Q & A with CURA Community Partner: the Atkinson Housing Co-operative

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Interview with Associate Professor Jorge Sousa, Department of Educational Policy Studies, University of Alberta, on the Atkinson Housing Co-operative case study

1.Please describe the portion of your organisation that is involved with the CURA.

The Atkinson Housing Co-operative is located in downtown Toronto and was originally called the Alexandra Park Housing Project. Since 1969, there has been a strong active tradition in the form of a residents’ association in Alexandra Park. In the 1990s residents mobilized to deal with growing drug use and other social problems. They wanted greater community-based control in order to develop and implement local solutions that could improve the health of their community. In a referendum in 1996, 72 per cent voted to convert their project to a co-operative. After much community development and tireless negotiations the conversion occurred in 2003, which is arguably the result of a 12 year effort that relied on the commitment and expertise of the Co-operative Housing Federation of Toronto.

The Atkinson Housing Co-operative has functioned well over the last 9 years, and coming up to the 10th year anniversary they have much to celebrate. The property has not fallen apart. There is an engaged membership, and a board of directors that are elected annually. The property management and the Co-operative Housing Federation of Toronto have been pivotal to supporting the co-operative, but the final responsibility rests with the members.

The members of the co-operative have become very active in maintaining representation in a variety of efforts and pressures from external groups. While the co-operative may not actually see the outside influence as a challenge, they needed to lobby actively to ensure that their interests are addressed as the looming revitalization plans become a reality. The revitalization will mean new houses for the members, since the property is over 40 years old and appears to be quite institutional in its look.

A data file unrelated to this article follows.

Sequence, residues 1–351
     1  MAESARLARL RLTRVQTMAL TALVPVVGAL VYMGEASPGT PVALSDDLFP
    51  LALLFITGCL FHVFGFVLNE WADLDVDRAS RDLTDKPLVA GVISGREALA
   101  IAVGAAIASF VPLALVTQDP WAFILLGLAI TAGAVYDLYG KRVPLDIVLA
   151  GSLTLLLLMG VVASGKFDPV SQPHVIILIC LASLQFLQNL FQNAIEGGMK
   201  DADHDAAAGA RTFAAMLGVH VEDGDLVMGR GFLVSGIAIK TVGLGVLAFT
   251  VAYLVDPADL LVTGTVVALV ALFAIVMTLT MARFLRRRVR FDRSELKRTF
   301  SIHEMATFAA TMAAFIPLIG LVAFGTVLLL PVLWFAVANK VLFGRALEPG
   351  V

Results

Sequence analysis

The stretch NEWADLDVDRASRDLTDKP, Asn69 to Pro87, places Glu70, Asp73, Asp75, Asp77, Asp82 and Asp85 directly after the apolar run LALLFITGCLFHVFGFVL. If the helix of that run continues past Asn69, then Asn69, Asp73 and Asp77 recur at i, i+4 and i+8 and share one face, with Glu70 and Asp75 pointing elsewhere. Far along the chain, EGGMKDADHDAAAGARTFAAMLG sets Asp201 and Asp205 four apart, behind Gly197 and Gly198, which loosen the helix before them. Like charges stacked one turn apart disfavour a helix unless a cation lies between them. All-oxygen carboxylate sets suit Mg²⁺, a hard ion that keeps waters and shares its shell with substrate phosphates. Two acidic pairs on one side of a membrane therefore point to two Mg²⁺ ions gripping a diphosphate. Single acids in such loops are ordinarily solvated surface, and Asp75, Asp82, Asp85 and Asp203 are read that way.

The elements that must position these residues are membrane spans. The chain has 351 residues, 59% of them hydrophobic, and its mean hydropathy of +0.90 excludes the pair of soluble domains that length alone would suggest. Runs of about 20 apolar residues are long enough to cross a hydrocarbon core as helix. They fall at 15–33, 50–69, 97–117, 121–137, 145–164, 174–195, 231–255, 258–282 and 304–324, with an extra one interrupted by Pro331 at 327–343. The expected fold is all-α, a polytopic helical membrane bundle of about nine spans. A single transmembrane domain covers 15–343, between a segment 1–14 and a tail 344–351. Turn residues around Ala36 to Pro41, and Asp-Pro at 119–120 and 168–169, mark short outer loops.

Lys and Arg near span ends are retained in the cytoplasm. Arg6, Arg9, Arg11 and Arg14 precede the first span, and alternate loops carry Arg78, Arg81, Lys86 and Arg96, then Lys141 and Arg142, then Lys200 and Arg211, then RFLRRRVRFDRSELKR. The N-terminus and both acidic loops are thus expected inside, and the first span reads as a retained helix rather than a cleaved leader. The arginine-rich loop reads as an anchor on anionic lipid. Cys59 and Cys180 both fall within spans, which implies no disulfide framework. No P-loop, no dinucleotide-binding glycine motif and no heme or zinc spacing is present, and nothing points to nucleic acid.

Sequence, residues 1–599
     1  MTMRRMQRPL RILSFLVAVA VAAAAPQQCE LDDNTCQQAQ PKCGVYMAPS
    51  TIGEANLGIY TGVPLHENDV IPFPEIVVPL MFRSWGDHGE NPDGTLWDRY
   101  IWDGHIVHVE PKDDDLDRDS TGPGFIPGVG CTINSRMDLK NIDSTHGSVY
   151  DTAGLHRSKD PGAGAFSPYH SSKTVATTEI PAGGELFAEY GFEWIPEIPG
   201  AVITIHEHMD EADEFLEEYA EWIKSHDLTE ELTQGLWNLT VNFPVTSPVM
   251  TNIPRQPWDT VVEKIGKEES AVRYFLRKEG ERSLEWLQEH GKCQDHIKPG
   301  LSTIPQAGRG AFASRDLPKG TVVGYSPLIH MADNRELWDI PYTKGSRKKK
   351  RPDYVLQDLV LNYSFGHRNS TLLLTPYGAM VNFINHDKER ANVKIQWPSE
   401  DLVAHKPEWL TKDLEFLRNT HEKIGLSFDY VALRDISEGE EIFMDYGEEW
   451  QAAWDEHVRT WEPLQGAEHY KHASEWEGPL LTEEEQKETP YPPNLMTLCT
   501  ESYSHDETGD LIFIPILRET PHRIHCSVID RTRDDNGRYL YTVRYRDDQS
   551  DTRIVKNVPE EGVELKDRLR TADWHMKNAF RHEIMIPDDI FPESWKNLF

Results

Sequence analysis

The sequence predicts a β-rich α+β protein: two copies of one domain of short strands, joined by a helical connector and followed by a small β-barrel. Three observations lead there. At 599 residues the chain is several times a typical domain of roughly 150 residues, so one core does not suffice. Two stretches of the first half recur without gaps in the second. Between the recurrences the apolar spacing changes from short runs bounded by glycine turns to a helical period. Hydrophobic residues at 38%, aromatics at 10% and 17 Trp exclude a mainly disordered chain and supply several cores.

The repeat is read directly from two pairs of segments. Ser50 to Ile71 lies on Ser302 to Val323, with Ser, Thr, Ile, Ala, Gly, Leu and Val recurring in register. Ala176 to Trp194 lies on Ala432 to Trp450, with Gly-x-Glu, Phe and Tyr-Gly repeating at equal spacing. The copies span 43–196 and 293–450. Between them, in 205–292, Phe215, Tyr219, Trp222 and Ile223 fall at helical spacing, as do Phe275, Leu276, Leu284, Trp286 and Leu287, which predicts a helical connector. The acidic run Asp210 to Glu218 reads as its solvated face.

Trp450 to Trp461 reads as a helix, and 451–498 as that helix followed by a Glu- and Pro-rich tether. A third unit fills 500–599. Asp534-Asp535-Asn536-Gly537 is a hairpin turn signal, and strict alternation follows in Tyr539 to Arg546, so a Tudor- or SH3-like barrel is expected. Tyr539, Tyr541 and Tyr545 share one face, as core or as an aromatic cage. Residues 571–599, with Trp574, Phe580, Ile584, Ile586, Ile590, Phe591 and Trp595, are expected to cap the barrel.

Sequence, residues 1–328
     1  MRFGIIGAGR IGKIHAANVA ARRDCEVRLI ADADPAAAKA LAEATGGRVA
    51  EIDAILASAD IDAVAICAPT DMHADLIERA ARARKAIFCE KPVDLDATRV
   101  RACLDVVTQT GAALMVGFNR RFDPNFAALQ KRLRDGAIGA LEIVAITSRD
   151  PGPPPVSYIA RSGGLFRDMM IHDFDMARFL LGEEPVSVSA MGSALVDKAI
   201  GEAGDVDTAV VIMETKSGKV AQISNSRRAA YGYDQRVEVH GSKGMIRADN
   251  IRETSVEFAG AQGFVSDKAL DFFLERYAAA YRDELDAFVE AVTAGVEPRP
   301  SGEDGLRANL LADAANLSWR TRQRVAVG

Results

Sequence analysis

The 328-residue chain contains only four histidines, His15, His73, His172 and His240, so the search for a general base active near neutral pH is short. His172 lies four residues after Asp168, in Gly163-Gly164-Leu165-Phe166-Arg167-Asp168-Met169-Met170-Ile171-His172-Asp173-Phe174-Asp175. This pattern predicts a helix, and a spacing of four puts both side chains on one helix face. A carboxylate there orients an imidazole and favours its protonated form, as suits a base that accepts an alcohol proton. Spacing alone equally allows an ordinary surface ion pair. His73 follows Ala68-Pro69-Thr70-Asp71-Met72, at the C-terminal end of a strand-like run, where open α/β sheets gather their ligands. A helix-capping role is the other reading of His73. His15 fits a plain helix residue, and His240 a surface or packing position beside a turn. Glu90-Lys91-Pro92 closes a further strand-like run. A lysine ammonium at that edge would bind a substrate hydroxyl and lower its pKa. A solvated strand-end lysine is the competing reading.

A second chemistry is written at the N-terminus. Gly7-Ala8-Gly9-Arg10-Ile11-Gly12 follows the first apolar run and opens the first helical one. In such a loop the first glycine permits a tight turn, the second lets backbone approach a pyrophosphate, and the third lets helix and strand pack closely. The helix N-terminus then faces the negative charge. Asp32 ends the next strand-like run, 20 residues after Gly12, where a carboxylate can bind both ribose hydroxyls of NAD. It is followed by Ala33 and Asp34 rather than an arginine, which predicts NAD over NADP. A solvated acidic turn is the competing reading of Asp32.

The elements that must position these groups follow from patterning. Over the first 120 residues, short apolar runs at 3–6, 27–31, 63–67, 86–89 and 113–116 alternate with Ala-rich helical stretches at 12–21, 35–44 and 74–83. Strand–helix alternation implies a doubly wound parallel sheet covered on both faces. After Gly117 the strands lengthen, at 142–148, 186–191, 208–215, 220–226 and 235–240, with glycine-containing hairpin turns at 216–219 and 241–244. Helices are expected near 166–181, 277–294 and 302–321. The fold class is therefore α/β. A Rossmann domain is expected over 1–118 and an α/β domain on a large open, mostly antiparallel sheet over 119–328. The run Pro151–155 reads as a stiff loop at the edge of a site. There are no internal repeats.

2.What motivated you to become involved with this project?

The main motivating factor to be involved in this project was my desire to continue monitoring the development of the Atkinson Co-operative. I completed my doctoral dissertation of the conversion process, and as a former resident, the place continues to be very meaningful to me. There is still so much to be learned from the Atkinson Housing Co-operative. The conversion process provided important information with respect to how it transition towards community-based control, however, there is a need to continue monitoring the co-operative in order to share with other communities not only the process of converting, but what to expect once they have control over the decision-making processes.

3.How do you see Atkinson Housing Co-op benefiting from the research?